Gala Paid Tribute to Hialeah Park Owner, John Brunetti, and Honored HEICO Corporation and the Mendelson Family with Henry Flagler Award
HistoryMiami Museum, a Smithsonian Affiliate, transformed Hialeah Park into a tropical oasis with its second annual tropical nights-themed Flamingo Ball on Saturday, March 3, 2018. The star-studded ceremony was attended by over 250 guests, many of whom were dressed in vibrant-hued dresses, white dinner jackets and flower-adorned fascinators.
As a bongo player accentuated the mood with his rhythmic beat, pink flamingo stilt walkers welcomed guests and accompanied them onto the step and repeat. Guests then made their way upstairs to the reception area to enjoy champagne and handcrafted cocktails, and were greeted by waterfalls filled with flamingos.
The glamorous affair continued as feathered showgirls decked in head-to-toe pink escorted guests from the cocktail room into the main ballroom for the second installment of the evening. Here, none other than Jose Fajardo, Jr., son of the legendary “Flute King” and leader of the Cuban orchestra Fajardo y sus Estrellas, Jose Fajardo, had guests swaying to the beat of his salsa performance.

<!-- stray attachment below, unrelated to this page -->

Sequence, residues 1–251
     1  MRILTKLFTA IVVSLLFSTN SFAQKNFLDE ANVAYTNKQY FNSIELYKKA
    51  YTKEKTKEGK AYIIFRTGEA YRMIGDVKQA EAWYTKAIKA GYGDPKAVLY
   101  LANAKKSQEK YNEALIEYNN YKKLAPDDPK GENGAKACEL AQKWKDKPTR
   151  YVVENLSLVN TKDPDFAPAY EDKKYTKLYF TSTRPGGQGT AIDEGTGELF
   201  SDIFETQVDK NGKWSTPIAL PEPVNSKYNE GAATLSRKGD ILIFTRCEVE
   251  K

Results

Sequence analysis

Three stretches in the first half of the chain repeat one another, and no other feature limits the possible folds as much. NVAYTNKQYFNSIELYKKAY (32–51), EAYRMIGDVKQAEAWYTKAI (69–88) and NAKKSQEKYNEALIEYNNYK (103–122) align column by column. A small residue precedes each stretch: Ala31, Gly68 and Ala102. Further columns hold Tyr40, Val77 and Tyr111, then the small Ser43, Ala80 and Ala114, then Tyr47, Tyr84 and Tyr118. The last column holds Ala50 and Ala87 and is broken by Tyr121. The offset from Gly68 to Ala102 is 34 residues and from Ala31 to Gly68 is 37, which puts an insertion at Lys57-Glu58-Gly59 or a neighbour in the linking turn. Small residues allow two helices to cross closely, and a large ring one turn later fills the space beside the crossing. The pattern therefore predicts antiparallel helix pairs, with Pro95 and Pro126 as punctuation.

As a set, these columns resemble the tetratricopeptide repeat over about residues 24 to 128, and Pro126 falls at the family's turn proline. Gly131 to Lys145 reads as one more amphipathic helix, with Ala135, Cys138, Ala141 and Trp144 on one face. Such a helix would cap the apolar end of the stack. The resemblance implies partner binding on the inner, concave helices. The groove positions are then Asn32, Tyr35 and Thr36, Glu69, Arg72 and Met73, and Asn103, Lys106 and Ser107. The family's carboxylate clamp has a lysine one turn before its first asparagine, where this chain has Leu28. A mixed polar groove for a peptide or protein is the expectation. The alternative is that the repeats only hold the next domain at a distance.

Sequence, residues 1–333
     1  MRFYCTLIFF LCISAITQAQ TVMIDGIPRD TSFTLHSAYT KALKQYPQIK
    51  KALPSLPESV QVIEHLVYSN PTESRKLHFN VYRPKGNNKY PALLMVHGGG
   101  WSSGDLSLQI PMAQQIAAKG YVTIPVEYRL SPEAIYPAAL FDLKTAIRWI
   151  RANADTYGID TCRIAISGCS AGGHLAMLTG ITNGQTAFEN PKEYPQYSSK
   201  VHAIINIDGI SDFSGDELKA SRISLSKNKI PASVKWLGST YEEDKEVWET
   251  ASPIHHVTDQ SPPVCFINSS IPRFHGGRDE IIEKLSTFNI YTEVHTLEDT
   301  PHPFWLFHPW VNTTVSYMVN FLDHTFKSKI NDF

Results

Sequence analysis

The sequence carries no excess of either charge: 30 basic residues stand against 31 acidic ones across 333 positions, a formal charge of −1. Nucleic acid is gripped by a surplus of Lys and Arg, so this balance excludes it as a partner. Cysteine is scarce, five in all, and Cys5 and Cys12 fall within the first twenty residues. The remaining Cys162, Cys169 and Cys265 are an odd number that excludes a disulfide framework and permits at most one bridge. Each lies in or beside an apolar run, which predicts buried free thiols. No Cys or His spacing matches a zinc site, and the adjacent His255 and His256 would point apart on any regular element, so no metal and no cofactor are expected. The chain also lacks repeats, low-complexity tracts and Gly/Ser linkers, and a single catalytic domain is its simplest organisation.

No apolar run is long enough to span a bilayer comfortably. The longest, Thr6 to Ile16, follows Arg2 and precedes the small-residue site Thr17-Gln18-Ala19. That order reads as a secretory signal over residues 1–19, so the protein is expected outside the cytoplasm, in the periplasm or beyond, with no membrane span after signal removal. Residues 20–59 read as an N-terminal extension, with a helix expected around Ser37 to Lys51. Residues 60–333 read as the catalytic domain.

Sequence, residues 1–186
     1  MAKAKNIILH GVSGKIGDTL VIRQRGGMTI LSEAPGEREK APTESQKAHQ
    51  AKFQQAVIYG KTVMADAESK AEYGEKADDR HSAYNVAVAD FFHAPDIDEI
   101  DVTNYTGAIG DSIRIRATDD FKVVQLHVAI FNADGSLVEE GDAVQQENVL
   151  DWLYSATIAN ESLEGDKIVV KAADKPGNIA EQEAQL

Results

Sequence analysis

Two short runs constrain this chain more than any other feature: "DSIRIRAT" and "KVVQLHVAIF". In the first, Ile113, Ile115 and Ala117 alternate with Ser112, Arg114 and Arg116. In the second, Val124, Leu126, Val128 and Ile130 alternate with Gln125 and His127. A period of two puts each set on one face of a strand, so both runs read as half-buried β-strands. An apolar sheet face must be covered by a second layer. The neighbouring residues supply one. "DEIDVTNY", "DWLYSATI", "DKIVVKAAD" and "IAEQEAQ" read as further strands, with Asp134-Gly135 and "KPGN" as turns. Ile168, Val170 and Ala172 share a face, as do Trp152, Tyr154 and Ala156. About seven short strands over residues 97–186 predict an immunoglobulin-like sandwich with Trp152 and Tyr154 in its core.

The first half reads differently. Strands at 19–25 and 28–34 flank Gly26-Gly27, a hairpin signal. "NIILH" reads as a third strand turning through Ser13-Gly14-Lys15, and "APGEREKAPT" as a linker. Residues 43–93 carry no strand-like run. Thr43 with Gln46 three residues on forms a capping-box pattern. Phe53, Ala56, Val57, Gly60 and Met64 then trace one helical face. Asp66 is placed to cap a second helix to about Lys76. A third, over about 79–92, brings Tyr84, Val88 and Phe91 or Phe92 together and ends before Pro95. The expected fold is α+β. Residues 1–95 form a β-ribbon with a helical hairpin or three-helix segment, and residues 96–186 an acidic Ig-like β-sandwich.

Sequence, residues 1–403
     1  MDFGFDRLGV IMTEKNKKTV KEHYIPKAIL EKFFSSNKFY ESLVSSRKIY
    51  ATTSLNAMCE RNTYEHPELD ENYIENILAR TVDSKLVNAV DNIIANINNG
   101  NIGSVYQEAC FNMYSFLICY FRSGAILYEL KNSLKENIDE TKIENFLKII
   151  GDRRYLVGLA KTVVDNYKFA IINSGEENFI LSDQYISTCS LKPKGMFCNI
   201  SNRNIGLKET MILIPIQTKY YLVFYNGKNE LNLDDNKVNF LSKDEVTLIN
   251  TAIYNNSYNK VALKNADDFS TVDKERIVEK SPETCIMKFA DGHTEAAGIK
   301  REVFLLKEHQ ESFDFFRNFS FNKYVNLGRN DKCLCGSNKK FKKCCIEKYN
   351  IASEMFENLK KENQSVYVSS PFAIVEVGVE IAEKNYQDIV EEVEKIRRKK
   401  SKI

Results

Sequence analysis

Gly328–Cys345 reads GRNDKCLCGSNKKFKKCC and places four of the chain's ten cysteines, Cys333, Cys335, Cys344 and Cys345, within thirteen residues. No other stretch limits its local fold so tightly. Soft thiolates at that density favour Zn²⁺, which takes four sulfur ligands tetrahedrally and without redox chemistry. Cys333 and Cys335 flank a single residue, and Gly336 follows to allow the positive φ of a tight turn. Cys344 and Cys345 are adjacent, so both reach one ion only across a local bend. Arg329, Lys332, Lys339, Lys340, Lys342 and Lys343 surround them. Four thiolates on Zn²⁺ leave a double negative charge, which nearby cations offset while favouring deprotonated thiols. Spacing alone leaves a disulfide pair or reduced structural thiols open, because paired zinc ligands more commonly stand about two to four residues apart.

Once guests were seated at the luxurious dining tables decorated with palm frond centerpieces and bright orchids illuminated in pink, they were treated to a lavish buffet of lobster and stone crabs as Barry Manilow’s “Copacabana” played. Emmy Award-winning journalist, Cynthia Demos, emceed a special awards ceremony where HistoryMiami Museum honored HEICOCorporation and the Mendelson family with the prestigious Henry Flagler Award. The award is a tribute to Henry Flagler, a pioneer who had the vision and ambition to bring his railroad toMiami and develop a small town into the Magic City.
“We’re so happy to receive this honor. It’s really a terrific event and a terrific cause for HistoryMiami,” said Eric Mendelson. “We’re just very happy to be part of this city. We couldn’t be happier to be members of this great community.”
HistoryMiami Museum also paid tribute to John Brunetti, the owner of Hialeah Park who passed away just one day before the event, with an eight-foot flamingo statue aptly named “History.” Brunetti, who fell in love with the historic Hialeah Park when he first visited in the 1950s, owned the racetrack for more than four decades. A longtime supporter of the original Flamingo Ball, which was one of the most glamorous and legendary parties of 1960-70s Miami, Brunetti decided to bring the lavish social confection back last year and named HistoryMiami Museum as the sole beneficiary.
About HistoryMiami Museum
HistoryMiami Museum, a Smithsonian Affiliate, is the premier cultural institution committed to gathering, organizing, preserving and celebrating Miami’s history as the unique crossroads of the Americas. We accomplish this through education, collections, research, exhibitions, publications and city tours. Located in the heart of downtown Miami, HistoryMiami Museum is a 70,000 square foot facility and home to more than one million historical images and 30,000 three-dimensional artifacts, including a 1920’s trolley car, artifacts from Pan American World Airways, and rafts that brought refugees to Miami. For more information, call 305-375-1492 or visit historymiami.org.